Blog - Wednesday 29th June 2016

How to pedal without pain (Part 1 by John Dennis)

Riders come for bike fits at Physiohaus for various reasons. Some may want to optimise their position from a performance standpoint. Others may be suffering some pain or discomfort and yet others are somewhere in between. That is, they simply enjoying riding and want to make sure it is correctly set up for them or even if their bike is correct for them in some instances.

For the purpose of this article, I wanted to focus on those of you riding with pain and what you could potentially do about it, or try from a positional point of view or with you yourself.

Whenever we go through a fit protocol with someone, part of the reasoning process will be based on establishing if discomfort is caused by the bike set up, which in theory is a relatively easy fix, by us correctly working out how the rider moves on the bike and setting up accordingly.

More complicated from a management point of view, is if discomfort is caused by an issue with the rider. Fortunately, all the fitters at Physiohaus are physio’s as well as experienced bike fitters which allows us to address both potential aspects. Some will be a combination of both.

In the wise words of my esteemed physio colleague at British Cycling, Phil Burt has coined the phrase of ‘microadjusters’ and ‘macroabsorbers’.

The human body is an adaptable functioning unit – some are sensitive to mm adjustments; others can absorb big changes. They will in effect behave like a chameleon and adapt to changes. These are the riders which are generally easier to fit. The ‘microadjusters’ are sometimes harder as they do not always go with adjustments, e.g. we may move a saddle rearward but the rider may subconsciously sit forwards on the saddle without realising it.

In terms of prevalence of areas of pain, riders complain more generally of low back pain and issues related to saddles as a contact point than knee pain or neck/shoulders and hand discomfort.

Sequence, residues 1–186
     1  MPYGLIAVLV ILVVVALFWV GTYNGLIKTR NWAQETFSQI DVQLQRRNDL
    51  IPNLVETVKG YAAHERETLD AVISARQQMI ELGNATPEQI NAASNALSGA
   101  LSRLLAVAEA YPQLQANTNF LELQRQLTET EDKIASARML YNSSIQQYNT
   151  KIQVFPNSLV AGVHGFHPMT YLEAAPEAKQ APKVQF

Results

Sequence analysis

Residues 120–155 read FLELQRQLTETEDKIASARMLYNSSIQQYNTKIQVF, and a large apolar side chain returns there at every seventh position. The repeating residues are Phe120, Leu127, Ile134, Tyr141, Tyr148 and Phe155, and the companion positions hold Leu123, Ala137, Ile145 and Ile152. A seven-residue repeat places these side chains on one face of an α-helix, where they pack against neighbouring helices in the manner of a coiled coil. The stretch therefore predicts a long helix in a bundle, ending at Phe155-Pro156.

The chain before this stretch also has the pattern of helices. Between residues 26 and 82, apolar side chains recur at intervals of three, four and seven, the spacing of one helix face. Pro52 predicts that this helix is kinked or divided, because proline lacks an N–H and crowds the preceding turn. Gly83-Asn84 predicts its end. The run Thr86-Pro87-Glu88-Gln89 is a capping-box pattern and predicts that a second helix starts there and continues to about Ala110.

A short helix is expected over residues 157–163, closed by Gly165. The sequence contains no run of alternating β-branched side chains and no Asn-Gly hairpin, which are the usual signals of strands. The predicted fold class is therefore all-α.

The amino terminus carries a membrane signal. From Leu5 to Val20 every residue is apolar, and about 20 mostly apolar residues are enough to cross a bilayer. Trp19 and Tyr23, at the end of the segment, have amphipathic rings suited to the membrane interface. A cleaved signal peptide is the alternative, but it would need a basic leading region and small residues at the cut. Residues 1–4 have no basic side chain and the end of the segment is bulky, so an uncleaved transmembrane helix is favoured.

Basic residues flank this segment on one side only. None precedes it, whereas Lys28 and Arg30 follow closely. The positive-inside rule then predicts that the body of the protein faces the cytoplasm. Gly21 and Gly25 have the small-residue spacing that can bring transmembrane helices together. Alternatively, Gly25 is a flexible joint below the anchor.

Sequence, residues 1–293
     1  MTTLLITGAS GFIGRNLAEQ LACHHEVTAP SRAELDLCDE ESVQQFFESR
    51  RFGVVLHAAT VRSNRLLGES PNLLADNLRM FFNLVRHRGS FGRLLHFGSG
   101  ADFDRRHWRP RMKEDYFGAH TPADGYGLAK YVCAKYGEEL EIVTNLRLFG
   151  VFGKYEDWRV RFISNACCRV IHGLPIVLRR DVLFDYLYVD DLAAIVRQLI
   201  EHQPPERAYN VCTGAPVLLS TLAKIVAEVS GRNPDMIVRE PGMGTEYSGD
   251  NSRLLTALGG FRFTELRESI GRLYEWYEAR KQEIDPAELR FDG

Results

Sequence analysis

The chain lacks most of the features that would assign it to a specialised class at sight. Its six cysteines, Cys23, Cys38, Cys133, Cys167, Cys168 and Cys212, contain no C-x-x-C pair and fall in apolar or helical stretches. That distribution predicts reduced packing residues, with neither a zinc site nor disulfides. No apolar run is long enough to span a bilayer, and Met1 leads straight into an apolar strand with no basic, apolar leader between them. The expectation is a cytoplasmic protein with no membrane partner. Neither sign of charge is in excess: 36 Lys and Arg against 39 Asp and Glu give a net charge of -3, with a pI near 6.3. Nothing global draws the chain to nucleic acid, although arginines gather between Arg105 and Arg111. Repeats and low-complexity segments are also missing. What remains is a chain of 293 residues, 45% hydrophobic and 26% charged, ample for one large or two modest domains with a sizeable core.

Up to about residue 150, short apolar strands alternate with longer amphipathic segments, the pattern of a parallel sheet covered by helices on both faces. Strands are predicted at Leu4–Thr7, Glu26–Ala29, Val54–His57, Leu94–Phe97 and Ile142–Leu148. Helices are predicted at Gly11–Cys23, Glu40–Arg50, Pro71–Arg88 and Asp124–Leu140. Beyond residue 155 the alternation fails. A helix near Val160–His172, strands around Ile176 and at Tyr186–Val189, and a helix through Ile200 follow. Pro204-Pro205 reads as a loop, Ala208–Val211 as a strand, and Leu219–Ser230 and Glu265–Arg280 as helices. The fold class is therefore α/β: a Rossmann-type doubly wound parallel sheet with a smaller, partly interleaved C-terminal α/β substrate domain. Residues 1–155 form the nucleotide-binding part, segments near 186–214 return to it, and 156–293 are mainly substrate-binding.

Low back pain (LBP) can be exacerbated by a saddle that is too high (causing the hips to rock side to side) or too low which often makes a rider posteriorly rotate their pelvis causing excessive flexion (curvative in the lower back).

To (roughly) set your own saddle height you should be able to reach the pedal with the heel of your shoe without your pelvis rocking to one side, and potentially pedal backward maintaining contact with the pedal. Therefore, when you clip into the pedal you should have a slight bend in the knee. However, this does not take into account variability of foot size or cleat settings.

(To point out this image is slightly inaccurate, generally we like to see the ankle open up slilghtly through the bottom of the pedal stroke.)

Try to record saddle height as measured from the bottom bracket through the centre top of the saddle. It always amazes me the number of cyclists who do not roughly know this measurement.

Once saddle height is established (and cleats are hopefully set up symmetrically), the reach and drop to the bars and more specifically the hoods can be considered.

You should be able to ride with a slight relaxed bend at the elbow. A good rule of thumb is when you look down at the front of the bike the wheel axel should be hidden by/obscured by the handlebar.

Adjusting the bar by changing stem length may be necessary. Sometimes it is counterintuitive that lengthening rather than shortening a stem can help to take weight off your hands and relax shoulders and upper back.

Like anything else, these suggestions are guidelines only and do not replace a full professional assessment of your position.